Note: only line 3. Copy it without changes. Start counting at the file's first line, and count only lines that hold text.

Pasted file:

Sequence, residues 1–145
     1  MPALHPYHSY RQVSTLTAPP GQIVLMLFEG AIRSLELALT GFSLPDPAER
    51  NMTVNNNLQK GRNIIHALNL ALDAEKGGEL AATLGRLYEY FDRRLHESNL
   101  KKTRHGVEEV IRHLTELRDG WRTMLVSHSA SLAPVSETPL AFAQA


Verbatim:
    51  NMTVNNNLQK GRNIIHALNL ALDAEKGGEL AATLGRLYEY FDRRLHESNL